In a Time of Universal Deceit, Telling the Truth is Revolutionary.
Sunday, December 10, 2023

A Purple Heart comes home

The grimy blue case rested among other dusty knickknacks in a Southern California secondhand shop. At first glance, Gene Dobos thought it must contain a watch.

The grimy blue case rested among other dusty knickknacks in a Southern California secondhand shop. At first glance, Gene Dobos thought it must contain a watch.

A thrift-shop browser and watch collector by hobby, Dobos looked closer and saw the words “PURPLE HEART” embossed in gold on the case’s leatherette cover. Inside, on the stained yellow velvet lining, lay a worn, heart-shaped medal adorned with a purple ribbon. Etched on its reverse was the name “Frank N. Smith” and “For Military Merit.”

At home in San Bernardino that night, Dobos couldn’t get Smith or the medal _ which is awarded only to those wounded or killed in war _ out of his mind. The next morning, he returned and bought it for $40.

“It was a very dingy and rundown thrift shop and (I) felt bad the medal was there,” said Dobos, 37, and a salesman by trade.

And so began an effort conducted almost entirely on the Internet that grew to include a small army of strangers spanning four states _ California, Mississippi, Ohio and Texas _ all determined to return the decoration to its rightful owner and honor the unknown soldier for his sacrifice.

When the search started in December 2004, no one knew who Smith was, if he was dead or alive, whether he purposely discarded the medal or lost it, say, in a move, or even in which of America’s conflicts he had suffered his wound.

But by the time the mission ended, this disparate network of volunteers had found some of Smith’s family as well as his fate, though the path the medal took to that seedy store shelf remains a mystery.

Along the way, the search became such an emotional grail to some that it spawned an original song, a CD of which is now being sold to raise scholarship funds for youths who volunteer to visit bedridden veterans. Plans are under way for a simple ceremony in the spring to bring the medal home.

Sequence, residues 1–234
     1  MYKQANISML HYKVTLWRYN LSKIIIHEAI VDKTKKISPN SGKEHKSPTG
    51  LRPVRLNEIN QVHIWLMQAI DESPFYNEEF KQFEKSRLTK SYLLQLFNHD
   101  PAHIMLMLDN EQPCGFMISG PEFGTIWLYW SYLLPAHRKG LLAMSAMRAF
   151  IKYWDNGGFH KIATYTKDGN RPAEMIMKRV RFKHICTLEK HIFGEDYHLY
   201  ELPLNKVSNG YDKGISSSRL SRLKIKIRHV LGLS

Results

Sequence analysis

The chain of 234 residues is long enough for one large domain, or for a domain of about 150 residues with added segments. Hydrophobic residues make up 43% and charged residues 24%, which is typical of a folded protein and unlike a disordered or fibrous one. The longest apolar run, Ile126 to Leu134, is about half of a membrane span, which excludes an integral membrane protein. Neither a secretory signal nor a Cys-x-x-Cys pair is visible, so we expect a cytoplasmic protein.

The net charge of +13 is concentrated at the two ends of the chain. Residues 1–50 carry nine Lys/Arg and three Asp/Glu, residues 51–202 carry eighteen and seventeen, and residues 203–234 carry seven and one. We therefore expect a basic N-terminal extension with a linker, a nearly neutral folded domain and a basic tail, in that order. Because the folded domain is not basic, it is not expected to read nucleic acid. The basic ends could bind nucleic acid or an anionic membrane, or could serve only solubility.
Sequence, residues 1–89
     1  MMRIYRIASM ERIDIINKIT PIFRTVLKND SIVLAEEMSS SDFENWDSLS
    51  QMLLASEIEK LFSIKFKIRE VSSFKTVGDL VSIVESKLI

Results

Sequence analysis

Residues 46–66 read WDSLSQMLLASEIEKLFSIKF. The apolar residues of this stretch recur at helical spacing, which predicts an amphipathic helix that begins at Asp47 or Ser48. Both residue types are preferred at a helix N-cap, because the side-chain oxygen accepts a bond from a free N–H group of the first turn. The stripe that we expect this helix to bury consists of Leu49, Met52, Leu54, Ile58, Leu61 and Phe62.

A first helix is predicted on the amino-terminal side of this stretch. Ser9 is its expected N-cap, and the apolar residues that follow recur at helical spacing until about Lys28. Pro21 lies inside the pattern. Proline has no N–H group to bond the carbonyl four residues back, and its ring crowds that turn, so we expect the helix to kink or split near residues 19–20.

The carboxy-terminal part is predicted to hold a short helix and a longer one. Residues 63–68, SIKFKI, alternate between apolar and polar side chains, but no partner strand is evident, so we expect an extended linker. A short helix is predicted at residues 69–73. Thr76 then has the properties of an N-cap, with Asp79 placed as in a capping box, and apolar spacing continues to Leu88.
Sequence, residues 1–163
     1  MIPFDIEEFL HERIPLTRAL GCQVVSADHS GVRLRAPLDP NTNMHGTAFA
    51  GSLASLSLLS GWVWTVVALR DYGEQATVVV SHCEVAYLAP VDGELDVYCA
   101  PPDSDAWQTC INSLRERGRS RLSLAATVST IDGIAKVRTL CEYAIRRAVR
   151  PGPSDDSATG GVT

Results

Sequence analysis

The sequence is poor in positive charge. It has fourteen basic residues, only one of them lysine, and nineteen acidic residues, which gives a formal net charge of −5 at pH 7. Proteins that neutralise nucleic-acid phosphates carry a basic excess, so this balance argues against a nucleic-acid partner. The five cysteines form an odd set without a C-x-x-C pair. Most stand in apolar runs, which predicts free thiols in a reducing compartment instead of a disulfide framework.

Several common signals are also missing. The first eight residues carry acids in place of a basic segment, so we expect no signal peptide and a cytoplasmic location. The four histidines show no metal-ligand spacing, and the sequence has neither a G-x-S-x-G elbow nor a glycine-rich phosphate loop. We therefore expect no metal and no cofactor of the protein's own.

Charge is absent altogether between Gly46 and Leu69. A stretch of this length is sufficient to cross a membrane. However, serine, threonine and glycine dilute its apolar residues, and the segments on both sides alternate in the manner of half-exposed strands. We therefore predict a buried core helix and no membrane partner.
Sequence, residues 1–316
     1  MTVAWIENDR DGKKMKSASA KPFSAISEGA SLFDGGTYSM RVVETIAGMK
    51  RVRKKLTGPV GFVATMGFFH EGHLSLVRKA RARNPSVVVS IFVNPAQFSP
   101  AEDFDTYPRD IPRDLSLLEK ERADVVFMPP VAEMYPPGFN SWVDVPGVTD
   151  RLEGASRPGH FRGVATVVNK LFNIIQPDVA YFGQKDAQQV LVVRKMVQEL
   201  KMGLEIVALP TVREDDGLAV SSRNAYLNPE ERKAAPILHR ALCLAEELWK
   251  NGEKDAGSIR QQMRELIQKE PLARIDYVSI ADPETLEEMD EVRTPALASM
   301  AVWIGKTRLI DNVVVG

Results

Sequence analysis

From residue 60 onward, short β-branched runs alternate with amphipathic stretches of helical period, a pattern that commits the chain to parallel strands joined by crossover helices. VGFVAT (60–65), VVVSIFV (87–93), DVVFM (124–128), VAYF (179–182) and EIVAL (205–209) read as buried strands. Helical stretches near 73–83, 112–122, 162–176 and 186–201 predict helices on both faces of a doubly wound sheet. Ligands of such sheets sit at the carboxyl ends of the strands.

“We are all grateful that we were able to contribute in returning the medal to its proper owner,” Dobos said in an e-mail.

The thrift shop had no clue where the medal came from, so Dobos began his search on the Internet, asking around in chat rooms for advice on how to track down a soldier. Dobos and his online hunters eventually determined that the person in question was Army Pfc. Frank Norman Smith, who died in Vietnam nearly 40 years ago.

Smith, 20, was a light-vehicle driver in a convoy that was ambushed Dec. 17, 1968, in the Tay Ninh province of South Vietnam, according to casualty records.

The enemy was gearing up for an offensive and U.S. forces were moving in to defend the city of Tay Ninh. Just two weeks shy of coming home to Seneca County, Ohio, for good after a year in combat, Smith was killed by small-arms fire. He was one of 147 U.S. service members to die in Vietnam that day.

Armed with that information, Dobos turned next to the Military Order of the Purple Heart, a nonprofit organization of medal recipients that calls itself the “keepers of the medal.”

In the hope that the group could find Smith’s grave and return the medal to his family, Dobos mailed the decoration to Ray Funderburk, public-relations chief for the group and a Vietnam vet with two Purple Hearts himself. Funderburk was deeply moved when he received it.